See ya in 26.2 miles.

After returning from Chicago on Wednesday, I did my final interval workout - the FIRST plan called for 6 x 400's @ 5:48 pace. No problem, though my legs are still a bit sore today from the quick pace. Still, I'm hopeful the quick turnover will make 7:20's seem easy. They did today, when I did 3 miles, the last two @ marathon pace. So, for this week anyway, I was 100% FIRST. Well, not entirely. For the first time, I didn't cross-train, though I doubt it'll make any difference.

Heading into Sunday, I'm nervous. Reasonably sure everything will go well for 18-20 miles. Not at all sure what'll happen after that.

Reading Erika's blog, I see that she took a handful of blood sugar tests during her marathon. I'm going to try and not take a single one. Not because I don't think it's a great idea, but because I guess I figure I can't spare the time, and if my blood sugars do track too far out of the magic zone, I won't be able to get them back in quickly enough to hit 3:15 anyway. Like I said, I need a perfect day for 3:15. One part of that is perfectly well behaved blood sugars for 3 hours and 15 minutes.

My guess is that this is one of the reasons Missy Foy moved to 50 milers... there's not a lot of free time in 26 miles. 50 miles have aid stations - time for a 10 second test.

I know that the chances are far better that I'll track high than low (due to adrenaline) and I'm hopeful that I'll remember what my crappy 20 miler felt like so that I can dial up a unit or two of insulin without testing if I need it. After 23 years with diabetes, I do know what highs and lows feel like.

I'm going to work hard to be 200-220 at the start, keep my basal rate at 20% of normal, and eat 37 g. of carbs every six miles. At least, that's the plan. Otherwise, I just hope my knees still flex (a little) when it's over.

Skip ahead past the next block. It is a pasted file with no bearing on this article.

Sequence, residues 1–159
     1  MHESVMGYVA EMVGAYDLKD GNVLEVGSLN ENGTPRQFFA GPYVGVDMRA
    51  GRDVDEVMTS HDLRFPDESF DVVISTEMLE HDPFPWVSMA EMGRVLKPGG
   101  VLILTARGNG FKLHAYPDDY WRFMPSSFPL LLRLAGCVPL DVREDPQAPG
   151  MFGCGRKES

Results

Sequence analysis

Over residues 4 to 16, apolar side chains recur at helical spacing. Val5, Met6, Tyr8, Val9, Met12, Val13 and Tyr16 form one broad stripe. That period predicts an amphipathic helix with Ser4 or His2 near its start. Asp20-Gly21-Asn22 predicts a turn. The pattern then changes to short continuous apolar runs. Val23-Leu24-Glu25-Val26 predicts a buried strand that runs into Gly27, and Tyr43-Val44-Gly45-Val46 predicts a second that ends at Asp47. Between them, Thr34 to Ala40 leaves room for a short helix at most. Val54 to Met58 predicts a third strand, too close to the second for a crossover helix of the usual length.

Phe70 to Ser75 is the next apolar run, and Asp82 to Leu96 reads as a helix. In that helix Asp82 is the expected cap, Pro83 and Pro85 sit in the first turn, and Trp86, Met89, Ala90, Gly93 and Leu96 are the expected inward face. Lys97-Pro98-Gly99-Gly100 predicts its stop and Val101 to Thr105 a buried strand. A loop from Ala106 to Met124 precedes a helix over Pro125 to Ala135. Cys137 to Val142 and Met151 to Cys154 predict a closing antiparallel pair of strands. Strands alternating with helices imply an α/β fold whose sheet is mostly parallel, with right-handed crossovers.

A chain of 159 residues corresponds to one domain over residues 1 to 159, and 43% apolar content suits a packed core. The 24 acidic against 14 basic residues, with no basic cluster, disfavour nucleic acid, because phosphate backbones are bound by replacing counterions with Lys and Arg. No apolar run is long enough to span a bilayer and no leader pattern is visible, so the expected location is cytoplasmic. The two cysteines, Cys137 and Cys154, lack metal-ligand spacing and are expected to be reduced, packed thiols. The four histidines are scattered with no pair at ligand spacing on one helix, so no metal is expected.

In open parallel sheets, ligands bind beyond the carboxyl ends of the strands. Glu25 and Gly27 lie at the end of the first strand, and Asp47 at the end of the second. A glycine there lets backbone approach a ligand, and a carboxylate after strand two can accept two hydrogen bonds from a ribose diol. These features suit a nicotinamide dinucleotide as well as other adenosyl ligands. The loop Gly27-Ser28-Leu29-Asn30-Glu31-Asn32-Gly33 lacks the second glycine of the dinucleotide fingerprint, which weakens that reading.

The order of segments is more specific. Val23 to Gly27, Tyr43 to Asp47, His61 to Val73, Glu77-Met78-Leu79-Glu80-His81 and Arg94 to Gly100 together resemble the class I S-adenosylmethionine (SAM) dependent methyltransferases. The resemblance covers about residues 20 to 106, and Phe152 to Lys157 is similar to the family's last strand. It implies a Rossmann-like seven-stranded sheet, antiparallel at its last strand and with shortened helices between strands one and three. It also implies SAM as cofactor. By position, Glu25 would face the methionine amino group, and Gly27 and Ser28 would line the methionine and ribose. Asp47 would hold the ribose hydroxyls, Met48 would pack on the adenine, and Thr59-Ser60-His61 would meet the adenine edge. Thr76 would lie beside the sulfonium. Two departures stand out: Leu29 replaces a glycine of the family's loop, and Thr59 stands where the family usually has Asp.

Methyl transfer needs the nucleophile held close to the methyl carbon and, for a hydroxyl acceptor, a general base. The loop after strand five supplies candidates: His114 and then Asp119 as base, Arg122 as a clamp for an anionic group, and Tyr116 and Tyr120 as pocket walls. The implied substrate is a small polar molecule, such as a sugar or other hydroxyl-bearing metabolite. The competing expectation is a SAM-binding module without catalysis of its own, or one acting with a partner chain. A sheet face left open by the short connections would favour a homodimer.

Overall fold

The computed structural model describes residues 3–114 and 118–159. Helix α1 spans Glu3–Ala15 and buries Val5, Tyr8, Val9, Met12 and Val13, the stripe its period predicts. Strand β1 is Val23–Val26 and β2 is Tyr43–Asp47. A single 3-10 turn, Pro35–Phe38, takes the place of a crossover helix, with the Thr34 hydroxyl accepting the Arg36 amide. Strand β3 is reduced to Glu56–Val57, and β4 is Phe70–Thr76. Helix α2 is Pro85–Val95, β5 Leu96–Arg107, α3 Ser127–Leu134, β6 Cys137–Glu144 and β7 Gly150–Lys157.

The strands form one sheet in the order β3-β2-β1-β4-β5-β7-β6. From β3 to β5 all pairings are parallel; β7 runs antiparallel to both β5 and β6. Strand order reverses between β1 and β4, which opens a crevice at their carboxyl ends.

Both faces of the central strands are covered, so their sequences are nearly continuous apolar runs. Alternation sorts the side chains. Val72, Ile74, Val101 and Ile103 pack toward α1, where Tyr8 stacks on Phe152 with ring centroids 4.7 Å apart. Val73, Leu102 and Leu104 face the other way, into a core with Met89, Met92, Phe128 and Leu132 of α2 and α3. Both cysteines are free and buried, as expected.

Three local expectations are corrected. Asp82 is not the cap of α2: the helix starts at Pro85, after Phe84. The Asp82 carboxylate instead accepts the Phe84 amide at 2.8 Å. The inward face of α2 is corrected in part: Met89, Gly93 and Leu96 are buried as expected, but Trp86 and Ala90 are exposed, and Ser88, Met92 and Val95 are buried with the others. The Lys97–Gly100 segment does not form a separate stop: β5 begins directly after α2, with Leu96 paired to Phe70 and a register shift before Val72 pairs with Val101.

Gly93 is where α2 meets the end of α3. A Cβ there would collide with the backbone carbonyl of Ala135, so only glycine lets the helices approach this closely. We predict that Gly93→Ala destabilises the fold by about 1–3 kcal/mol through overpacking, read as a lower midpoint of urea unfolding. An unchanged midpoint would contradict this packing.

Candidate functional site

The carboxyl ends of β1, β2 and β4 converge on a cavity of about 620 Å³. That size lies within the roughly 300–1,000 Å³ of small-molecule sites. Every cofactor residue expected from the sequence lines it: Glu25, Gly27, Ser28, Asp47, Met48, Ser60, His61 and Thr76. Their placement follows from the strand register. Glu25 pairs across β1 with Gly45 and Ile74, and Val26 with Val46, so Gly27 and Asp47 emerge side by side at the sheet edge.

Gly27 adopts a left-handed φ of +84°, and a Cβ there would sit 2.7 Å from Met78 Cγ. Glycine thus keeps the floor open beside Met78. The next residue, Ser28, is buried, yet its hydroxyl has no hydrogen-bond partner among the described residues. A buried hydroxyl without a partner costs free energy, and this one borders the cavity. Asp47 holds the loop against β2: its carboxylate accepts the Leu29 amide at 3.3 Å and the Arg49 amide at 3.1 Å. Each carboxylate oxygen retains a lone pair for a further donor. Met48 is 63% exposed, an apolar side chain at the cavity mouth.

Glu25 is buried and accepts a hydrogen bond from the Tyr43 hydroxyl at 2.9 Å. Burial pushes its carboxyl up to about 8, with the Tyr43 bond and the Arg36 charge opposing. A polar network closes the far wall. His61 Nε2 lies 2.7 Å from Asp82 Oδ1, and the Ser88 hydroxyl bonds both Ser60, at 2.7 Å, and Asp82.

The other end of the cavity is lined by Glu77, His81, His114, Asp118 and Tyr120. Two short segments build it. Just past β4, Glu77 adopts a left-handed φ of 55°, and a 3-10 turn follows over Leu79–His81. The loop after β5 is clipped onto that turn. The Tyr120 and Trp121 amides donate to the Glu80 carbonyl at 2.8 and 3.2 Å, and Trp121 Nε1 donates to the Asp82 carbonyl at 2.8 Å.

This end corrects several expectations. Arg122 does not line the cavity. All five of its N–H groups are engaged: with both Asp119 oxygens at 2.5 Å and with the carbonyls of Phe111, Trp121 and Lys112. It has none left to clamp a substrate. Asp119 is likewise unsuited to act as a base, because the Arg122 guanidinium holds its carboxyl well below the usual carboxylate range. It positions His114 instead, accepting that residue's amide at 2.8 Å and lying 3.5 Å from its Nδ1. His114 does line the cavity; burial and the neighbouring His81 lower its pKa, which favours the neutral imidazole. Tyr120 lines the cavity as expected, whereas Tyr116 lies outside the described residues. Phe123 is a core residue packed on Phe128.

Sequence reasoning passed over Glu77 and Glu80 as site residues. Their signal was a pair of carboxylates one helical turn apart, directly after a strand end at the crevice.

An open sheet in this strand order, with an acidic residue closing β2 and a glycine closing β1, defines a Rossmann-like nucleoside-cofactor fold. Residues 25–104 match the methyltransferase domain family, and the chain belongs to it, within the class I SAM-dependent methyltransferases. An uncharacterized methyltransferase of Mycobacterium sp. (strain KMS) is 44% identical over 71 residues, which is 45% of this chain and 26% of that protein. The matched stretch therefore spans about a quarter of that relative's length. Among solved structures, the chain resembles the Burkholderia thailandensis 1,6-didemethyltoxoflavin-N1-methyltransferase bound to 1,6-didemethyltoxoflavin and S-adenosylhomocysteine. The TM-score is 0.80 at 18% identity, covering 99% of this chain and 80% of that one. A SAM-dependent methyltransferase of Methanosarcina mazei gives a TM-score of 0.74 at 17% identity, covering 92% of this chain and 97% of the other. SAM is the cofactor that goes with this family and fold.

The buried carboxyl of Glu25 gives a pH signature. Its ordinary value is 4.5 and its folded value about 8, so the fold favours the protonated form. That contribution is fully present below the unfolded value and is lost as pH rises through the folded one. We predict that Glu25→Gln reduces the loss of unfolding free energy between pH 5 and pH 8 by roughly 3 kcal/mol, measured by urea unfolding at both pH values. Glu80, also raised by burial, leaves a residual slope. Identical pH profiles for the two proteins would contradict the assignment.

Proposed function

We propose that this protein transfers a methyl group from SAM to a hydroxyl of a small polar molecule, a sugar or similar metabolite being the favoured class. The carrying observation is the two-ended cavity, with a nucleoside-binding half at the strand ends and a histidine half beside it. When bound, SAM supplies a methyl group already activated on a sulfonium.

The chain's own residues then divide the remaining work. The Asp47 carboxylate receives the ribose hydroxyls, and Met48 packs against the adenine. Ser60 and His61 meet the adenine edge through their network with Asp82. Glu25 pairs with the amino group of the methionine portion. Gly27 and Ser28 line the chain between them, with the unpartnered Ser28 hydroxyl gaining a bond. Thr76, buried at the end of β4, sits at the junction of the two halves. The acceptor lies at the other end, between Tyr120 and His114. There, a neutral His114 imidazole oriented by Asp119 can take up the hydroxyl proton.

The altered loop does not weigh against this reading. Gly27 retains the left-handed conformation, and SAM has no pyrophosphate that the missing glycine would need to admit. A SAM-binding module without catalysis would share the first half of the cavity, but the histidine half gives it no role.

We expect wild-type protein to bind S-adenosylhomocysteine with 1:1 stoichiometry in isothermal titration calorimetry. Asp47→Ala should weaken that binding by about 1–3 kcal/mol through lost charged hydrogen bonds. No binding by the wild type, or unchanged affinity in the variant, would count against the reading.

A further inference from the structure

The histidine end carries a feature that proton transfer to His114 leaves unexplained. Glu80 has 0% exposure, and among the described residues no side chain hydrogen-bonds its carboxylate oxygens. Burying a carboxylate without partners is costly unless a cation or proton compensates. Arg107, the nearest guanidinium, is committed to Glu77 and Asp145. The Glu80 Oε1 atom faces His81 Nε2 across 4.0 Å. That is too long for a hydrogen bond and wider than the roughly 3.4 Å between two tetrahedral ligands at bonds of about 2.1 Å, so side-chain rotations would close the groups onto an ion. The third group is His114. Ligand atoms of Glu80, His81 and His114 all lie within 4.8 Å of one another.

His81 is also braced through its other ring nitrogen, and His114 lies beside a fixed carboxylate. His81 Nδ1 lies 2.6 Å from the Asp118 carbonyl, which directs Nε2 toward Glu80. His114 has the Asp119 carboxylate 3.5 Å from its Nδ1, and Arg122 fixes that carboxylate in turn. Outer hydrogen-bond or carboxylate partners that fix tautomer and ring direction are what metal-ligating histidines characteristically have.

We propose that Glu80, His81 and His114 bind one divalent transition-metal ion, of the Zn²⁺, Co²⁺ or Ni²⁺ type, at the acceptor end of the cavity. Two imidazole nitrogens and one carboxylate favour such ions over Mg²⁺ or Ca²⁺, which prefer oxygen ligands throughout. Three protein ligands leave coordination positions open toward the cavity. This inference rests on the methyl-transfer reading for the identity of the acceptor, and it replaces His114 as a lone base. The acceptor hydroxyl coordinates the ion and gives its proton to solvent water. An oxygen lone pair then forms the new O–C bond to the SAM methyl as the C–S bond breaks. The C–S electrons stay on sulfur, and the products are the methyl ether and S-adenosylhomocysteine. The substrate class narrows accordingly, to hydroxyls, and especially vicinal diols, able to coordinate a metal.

That's probably all from blog land until the end. The race is Sunday. Results posted when I can.


  1. Anonymous4:25 PM

    Good luck Marcus! One suggestion - because of "nerves" with the race, start with your blood sugar just a little lower than you usually do for a long run, maybe 180 instead of 200, but take the same amount of insulin and use the same basal rate reduction. Then follow the same carb gel plan you usually do. Oh, one other suggestion - I've found that because of the effect of nerves on my blood sugar with a race, I start a marathon (first 1.5 to 2 miles) at about 20 sec/mile SLOWER than the pace I plan to run - so as not to compound the problem of my blood sugar rising and so I can burn off a little bit of that extra that surges out on race morning!
    Missy Foy
    I heart you too!!

  2. Good luck! You are more than ready for tomorrow. You have your goal and your plan on how to get there in place. When you hit the wall, climb over it, knock it down...whatever it takes to get to that finish. I'll be thinking of you Sunday as you kick the hell out of those 26.2 miles!

  3. Anonymous10:07 AM

    Congratulations on hitting your goal paces this week. Sounds like you're ready to race! Best of luck getting that Boston qualifying time you're looking for.

  4. Anonymous11:27 AM

    Good luck man.

    I'll be out there. I am not sure where they are going to put me till tomorrow morning but I plan to take a semi-empty backpack for people I know to throw stuff at me when they see me that they want to ditch. Keep an eye out for me and feel free to throw anything but a needle at me ;).

    You're trained and ready, it will either happen or it won't, don't let the jitters get you.

    Stay strong.

  5. Good luck buddy... Can't wait to hear all about it. You're gonna do great.

  6. good luck marcus! i can't wait to read all about it!


Post a Comment

Popular posts from this blog

The gun in my basement.

Sh*t Diabetics Say

First Love